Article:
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More Time Travel in Doctor Who

By Nicholas Smeaton

In the last issue of TSV both Matthew and Richard came up with conflicting ideas about time travel in Doctor Who [Time - Who's Worried? and Time Travel in Doctor Who]. Being knowledgeable about matters scientific and having read a wide range of time travel stories a lot of which have nothing whatsoever to do with Doctor Who (I apologize to anyone to whom I've just given culture shock.) I feel it is time I put my opinions on the subject forward.

The idea of time being like a river flowing in a set course or being like a cat's cradle with events moving with precision and momentum towards a predetermined pattern are both outdated. The newly developed Chaos theory states that chance plays a much larger role in running the universe than previously suspected. This means that the future can't exist until we get there at which stage it has become the present. So we need an alternative view of time.

Picture this: a long narrow pond, the water in it is so calm its like a sheet of glass, now imagine a wave traveling along this pond. That wave is the present and the pond is time, the present is moving through time from the past into the future, but there is no reason why we can't have more than one wave or present traveling through time. If we hop from one wavecrest to another we can travel backwards and forwards in time, although all we are really doing is just jumping between alternate realities. Since these presents are independent of each other we could do whatever we like in each present because it will have no effect on our present. E.g. I throw a banana peel five minutes back into the past, it lands in that present which causes someone (lets say its Richard Scheib) to trip up, Richard gets mad about it and thumps me, but he hasn't he has thumped the me in his present not the me who threw the banana peel, causality is not violated because his future is not my past. Now let's suppose Richard realizes what really happened and tosses a half brick five minutes into the future at the me who threw the banana peel - it hits Matthew Goodall in the small of the back (Sorry Richard, better luck next time) because both presents are moving through time at the same speed (but always five minutes apart) cause still follows effect. (My throwing away a banana peel results in Matthew collecting a half-brick in the small of the back a couple of minutes later - the time it took Richard to pick himself up and find and throw the half-brick). Cause preceding effect would still be preserved even if the presents were traveling at different speeds, if Richard's present was traveling faster the half-brick lands in my future and materializes when my present catches up to it, i.e. it just takes a bit longer turn up. If his present is moving slower than mine the half-brick falls short and materializes in the next present to come along i.e. Richard's which has moved forward in time five minutes - Richard threw the half brick and it landed five minutes later - on the back of Richard's head. (He should have remembered where he threw it.) At this point we'll leave them - Richard is out cold from his own half-brick and Matthew is curled up in a ball moaning in agony (he shouldn't turned around to see where the first half-brick had come from!).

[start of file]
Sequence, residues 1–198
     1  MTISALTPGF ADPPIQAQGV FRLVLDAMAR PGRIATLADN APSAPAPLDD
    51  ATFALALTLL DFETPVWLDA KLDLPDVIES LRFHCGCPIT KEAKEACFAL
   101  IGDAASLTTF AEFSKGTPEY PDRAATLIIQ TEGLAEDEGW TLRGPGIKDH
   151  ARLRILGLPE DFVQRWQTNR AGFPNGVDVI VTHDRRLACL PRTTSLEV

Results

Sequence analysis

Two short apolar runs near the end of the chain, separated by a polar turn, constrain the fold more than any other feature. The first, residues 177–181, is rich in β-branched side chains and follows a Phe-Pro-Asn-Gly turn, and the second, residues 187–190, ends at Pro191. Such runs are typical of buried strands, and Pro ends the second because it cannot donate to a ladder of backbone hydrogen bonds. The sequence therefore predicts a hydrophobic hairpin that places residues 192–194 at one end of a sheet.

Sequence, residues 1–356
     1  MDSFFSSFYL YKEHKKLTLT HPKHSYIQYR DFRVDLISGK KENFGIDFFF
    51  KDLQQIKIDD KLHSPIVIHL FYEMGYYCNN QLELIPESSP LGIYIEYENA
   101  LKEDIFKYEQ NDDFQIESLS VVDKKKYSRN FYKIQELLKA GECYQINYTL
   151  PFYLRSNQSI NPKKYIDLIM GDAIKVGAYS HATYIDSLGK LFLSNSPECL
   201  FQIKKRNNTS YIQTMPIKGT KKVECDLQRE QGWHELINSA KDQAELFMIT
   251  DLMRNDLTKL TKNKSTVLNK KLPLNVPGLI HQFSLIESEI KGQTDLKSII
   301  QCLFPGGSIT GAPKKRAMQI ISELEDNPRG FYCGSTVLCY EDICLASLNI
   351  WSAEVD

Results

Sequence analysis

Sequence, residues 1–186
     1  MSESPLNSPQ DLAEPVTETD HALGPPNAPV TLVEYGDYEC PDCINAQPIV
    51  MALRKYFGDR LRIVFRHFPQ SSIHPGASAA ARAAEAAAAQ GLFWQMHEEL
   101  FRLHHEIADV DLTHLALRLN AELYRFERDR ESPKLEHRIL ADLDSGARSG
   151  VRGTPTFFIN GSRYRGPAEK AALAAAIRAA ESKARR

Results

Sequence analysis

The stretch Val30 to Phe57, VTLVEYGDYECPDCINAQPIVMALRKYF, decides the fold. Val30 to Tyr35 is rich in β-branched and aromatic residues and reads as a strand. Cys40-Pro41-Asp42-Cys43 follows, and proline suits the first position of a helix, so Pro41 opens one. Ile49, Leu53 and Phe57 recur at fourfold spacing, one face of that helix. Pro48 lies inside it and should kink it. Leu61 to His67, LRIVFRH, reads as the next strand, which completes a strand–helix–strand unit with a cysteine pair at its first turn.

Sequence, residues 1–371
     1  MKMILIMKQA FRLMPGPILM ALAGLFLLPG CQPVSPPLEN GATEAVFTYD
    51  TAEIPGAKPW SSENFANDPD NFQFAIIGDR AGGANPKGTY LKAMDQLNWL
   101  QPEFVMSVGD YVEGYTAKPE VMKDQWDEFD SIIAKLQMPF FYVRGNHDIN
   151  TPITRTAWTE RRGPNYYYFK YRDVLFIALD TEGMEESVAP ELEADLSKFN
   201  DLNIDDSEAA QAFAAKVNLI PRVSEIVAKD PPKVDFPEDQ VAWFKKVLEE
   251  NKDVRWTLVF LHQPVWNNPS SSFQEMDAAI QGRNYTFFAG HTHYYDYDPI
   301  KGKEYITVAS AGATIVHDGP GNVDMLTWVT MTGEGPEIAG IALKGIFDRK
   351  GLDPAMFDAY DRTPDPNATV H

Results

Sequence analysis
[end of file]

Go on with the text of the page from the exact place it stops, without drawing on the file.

It is pretty obvious that the theory of time presented above doesn't allow for scenarios like Pyramids of Mars and Day of the Daleks but it is possible for two presents to affect each other if they are linked. The best way to link two presents would be to use a time machine, thus in Pyramids of Mars when the TARDIS went to 1975 to show the effects of a victorious Sutekh it created its own 1975 that was linked to the 1920's it had just left, such was Sutekh's power that the TARDIS could not leave that particular present until Sutekh was defeated. In Day of the Daleks the Present and the Dalek controlled 'future' are linked by the Dalek time corridors and it is obvious that the guerrillas unaware of the dangers of temporal travel unwittingly catch themselves in their own time loop (remember our past includes the results, successful or otherwise, of any attempt to change it) the irony of course been that they caused the very thing they attempted to stop. A Media example of this theory is The Terminator.

So we have our theory of parallel presents which can be linked together in order to influence each other does this mean we can go back in time and change things? Sorry, no. As I said before our past includes the results of any attempts to change it. Say you went back in time to 1930's Germany in order to kill Hitler thereby saving the life of your Uncle who died in World War II. Chances are not only would you fail but you'd in your failure give Hitler the support he needed in order to become Fuhrer.

One last note about time travel, because everybody has two parents (You have two parents who have two parents each (your grandparents) who in turn have two parents each and so on) it means that if you go back in time far enough everybody will be an ancestor of yours (if you go back 1500 years (Sixty generations) you have a million, million, million (10 18) ancestors because there were only about a thousand million (10 9) people alive at the time this means that many people must count more than once i.e. billions of those ancestors are the same person.) so as you can see you don't have to go back very far to be in grave danger of creating a grandfather's paradox no matter you kill. So it is not a good idea to take a gun along if you ever take a trip back in time.

This item appeared in TSV 19 (June 1990).